• Evolution: The theory of evolution assumes that all living organisms originate from a common ancestor and that the differences that appear between living organisms are caused by genetic mutations, as the scientist Charles Darwin assumed that evolution also occurs through natural selection; that is, the living creatures that are able to adapt to its environment, which remains and inherits its characteristics to its children while living organisms that are unable to adapt to their environment die.

The most important biologists:

Names of Biologists Their Contributions in Biology
Aristotle The first to establish zoology, he studied many marine animals and plants. Theophrastus Aristotle’s disciples also have contributed to the development of biology with his texts relating to the composition of plants, their life cycle, and their uses.
Leonardo Da Vinci Da Vinci practiced the autopsy of human bodies secretly, and he left detailed illustrations for those who left behind to dissect the human body.
Leonhard Fuchs A German botanist, author of one of the oldest printed books, a book on botany.
Carolus Linnaeus He is the pioneer of taxonomy who invented the binary naming system, gave living creatures Latin names, and divided living organisms into groups & types depending on their common characteristics.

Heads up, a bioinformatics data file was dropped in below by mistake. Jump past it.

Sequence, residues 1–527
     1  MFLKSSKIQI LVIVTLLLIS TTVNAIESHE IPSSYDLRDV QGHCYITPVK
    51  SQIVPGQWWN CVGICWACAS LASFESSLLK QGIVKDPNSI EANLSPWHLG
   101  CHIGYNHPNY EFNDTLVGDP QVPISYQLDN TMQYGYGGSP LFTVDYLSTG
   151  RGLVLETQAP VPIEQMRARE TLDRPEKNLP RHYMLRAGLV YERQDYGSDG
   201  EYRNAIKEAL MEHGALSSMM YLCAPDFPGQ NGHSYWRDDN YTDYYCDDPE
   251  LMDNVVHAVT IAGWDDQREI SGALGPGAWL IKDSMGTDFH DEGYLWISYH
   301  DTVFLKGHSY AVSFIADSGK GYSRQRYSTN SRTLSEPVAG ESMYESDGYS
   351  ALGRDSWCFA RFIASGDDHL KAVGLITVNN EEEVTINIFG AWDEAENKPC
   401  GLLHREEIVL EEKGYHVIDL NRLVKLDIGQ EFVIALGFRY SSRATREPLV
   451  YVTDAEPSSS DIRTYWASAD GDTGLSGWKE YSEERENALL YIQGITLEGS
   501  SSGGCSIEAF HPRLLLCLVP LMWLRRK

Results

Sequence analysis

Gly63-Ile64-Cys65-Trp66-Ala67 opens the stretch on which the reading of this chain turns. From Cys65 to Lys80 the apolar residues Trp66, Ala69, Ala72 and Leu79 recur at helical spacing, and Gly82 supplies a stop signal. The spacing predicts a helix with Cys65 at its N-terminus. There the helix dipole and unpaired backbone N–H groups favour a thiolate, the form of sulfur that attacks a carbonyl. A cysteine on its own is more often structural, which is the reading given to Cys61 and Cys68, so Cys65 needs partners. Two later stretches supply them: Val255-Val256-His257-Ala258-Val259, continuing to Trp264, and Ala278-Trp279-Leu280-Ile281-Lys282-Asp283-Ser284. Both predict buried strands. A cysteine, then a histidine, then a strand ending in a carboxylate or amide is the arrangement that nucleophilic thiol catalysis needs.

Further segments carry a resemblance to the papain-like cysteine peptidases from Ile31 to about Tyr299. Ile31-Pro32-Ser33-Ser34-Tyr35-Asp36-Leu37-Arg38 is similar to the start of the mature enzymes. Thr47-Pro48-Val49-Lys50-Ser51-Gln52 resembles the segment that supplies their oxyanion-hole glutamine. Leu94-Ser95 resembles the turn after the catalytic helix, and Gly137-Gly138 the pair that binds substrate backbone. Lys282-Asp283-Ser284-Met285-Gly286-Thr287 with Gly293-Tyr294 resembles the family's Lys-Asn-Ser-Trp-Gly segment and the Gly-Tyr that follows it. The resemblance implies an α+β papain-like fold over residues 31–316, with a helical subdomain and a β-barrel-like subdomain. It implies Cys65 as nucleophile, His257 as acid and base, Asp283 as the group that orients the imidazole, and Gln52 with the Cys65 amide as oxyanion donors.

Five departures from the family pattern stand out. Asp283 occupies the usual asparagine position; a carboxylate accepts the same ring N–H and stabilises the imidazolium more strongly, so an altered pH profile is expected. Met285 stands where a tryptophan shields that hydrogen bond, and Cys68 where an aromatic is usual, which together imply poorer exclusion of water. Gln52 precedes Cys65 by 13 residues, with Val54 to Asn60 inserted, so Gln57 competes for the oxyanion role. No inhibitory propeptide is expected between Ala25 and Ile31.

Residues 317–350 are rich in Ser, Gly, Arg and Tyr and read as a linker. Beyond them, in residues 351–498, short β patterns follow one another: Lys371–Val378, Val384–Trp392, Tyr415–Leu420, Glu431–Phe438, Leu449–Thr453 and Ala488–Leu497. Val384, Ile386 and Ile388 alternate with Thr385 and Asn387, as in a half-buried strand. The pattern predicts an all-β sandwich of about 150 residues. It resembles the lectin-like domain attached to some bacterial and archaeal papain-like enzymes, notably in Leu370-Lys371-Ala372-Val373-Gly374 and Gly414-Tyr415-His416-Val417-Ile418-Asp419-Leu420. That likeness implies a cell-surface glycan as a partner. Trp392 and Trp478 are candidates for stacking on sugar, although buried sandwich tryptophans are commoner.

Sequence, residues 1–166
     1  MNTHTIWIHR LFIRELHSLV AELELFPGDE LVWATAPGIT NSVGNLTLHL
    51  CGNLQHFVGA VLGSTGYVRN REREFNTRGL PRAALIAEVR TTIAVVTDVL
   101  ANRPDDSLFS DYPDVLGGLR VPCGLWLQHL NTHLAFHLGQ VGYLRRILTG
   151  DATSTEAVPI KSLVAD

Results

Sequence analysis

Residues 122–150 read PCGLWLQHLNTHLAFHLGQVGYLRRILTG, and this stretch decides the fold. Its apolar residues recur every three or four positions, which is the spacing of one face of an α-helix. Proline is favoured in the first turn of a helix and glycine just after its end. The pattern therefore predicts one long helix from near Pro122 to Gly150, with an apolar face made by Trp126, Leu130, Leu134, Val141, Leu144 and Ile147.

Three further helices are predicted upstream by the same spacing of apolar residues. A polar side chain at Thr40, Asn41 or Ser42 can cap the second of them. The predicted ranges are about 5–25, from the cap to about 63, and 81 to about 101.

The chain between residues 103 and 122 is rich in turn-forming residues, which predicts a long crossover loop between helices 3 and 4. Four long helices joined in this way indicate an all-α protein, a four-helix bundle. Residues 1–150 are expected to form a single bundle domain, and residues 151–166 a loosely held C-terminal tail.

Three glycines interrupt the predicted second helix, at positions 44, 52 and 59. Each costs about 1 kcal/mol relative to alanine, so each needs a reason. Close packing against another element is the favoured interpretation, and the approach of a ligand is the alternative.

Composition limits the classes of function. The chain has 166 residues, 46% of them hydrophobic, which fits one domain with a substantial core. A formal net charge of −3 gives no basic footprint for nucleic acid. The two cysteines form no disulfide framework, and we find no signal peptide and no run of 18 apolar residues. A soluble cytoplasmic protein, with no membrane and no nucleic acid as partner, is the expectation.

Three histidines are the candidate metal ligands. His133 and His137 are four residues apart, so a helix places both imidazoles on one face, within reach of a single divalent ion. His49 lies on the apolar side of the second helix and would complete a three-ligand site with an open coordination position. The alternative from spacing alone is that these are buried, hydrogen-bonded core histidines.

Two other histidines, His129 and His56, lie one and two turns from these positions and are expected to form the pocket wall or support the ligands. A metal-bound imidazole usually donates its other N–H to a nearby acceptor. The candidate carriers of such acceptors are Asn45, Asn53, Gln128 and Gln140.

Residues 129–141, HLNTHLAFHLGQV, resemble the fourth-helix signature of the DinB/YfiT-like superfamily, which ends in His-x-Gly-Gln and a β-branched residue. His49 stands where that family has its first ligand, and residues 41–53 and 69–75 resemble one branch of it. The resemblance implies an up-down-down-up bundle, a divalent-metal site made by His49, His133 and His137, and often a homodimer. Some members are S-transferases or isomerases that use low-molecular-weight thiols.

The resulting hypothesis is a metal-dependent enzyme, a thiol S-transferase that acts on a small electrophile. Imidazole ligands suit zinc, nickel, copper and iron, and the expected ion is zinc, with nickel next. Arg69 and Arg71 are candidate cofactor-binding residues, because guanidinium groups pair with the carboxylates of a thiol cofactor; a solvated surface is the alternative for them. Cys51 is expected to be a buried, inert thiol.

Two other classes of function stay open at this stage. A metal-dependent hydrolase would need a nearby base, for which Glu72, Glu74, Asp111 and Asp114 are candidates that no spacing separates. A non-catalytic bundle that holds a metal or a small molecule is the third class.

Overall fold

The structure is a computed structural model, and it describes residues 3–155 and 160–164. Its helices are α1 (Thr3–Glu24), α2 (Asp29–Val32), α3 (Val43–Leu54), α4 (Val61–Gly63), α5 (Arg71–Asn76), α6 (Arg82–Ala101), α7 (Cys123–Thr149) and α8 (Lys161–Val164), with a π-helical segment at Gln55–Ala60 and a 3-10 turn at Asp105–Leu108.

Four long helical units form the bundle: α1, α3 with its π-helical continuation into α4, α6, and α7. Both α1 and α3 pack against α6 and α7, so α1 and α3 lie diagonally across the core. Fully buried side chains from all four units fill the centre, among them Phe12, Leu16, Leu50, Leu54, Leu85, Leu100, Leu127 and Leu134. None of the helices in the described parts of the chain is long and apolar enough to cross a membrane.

Robert Hooke The scientist who discovered the cell in 1676 AD while studying a sample of cork using a compound microscope, and declared that plant tissues consist of repeated rectangular units.
Anton von Leeuwenhoek The scientist who published the first drawing of a single-celled organism.
Theodore Schwann Who discovered in 1839 that animal bodies are made up of cells.
Charles Darwin He published in 1859 AD a book (On the Origin of Species), in which it was assumed that all living things originated from a common ancestor and that the diversity of living beings is due to their ability to adapt to their environment.
Gregor Mendel Founded genetics, and published his research on the transmission of genetics in 1866.
Watson and Crick: Two scientists designed a model that illustrates the synthesis of deoxyribonucleic acid (DNA).

Why Do We Need Biology?

Biology takes a vital part in understanding the systems of complex life forms which include humans, animals, and plants. Biology aid scientists to study and understand the logics between the human and the world.

Leave a Reply

Your email address will not be published.

Recent Content

link to Photosystem 1 vs Photosystem 2 Definition Differences and Comparisons

Photosystem 1 vs Photosystem 2 Definition Differences and Comparisons

There are two multicomponent complex organometallic membrane systems that accept light with wavelengths of 700 nm and 680 nm, respectively. Each photosystem is replenished by the electrons lost as a result of the secondary electron deficiency of an electron, but the source of the electrons is different for the PS II that obtains its electrons […]
link to Vertical Vs Horizontal Laminar Flow Definition Differences and Comparison

Vertical Vs Horizontal Laminar Flow Definition Differences and Comparison

A Laminar flow cabinet is an enclosed workstation that has been utilized to create a safe work environment through filtration devices to capture everything flowing through the cabinet in biological research laboratories. There are two main types of it which are horizontal and vertical laminar flow hood. In a laminar-flow system, air moves at the […]